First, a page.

On Wednesday, oil prices increased for a second day on evidence of strong gasoline demand in western countries, while the chance of Iranian supplies returning diminished as US Secretary of State John Kerry warned sanctions against Iran were unlikely to be relaxed.
Brent crude futures were up 37 cents, or 0.5 percent, at $72.59 a barrel at 0520 GMT, having previously reached $72.83, the highest level since May 20, 2019. On Tuesday, Brent increased by 1%.
WTI oil futures in the US climbed 39 cents, or 0.5 percent, to $70.44 a barrel after hitting a high of $70.62, the most since Oct. 17, 2018. WTI prices jumped by 1.2 percent on Tuesday.
“Demand has increased. The successful vaccination rollouts and summer driving season in the United States and Europe seems to be supporting crude oil prices, according to the prognosis “Margaret Yang, a strategist at DailyFX in Singapore, agreed.
Recent traffic data suggests travellers are hitting the roads as restrictions ease, ANZ Research analysts said in a note, pointing to TomTom data which showed traffic congestion in 15 European cities had hit its highest since the coronavirus pandemic began.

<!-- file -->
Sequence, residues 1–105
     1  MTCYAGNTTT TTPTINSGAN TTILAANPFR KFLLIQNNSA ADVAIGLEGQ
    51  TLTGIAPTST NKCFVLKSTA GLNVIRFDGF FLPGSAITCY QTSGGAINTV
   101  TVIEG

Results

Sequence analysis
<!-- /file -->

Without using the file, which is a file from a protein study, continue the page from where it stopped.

On Tuesday, the U.S. Energy Information Administration forecast fuel consumption growth this year in the United States, the world’s biggest oil user, would be 1.49 million barrels per day (bpd), up from a previous forecast of 1.39 million bpd.
In another positive sign, industry data showed U.S. crude oil inventories fell last week, in line with analysts’ expectations, according to a Reuters poll.
Crude stocks declined by 2.1 million barrels in the week ending June 4, according to the American Petroleum Institute, according to two market sources who cited the data.
The US Energy Information Administration will release stockpile data on Wednesday at 1430 GMT.
Oil investors had been thinking that sanctions against Iranian exports would be lifted and oil supplies would grow this year as Iran’s discussions with western powers on a nuclear deal continued, so price gains had been restricted in recent weeks.
On Tuesday, however, US Secretary of State Antony Blinken stated that even if Iran and the US restored to compliance with the nuclear deal, hundreds of US sanctions against Tehran would remain in place.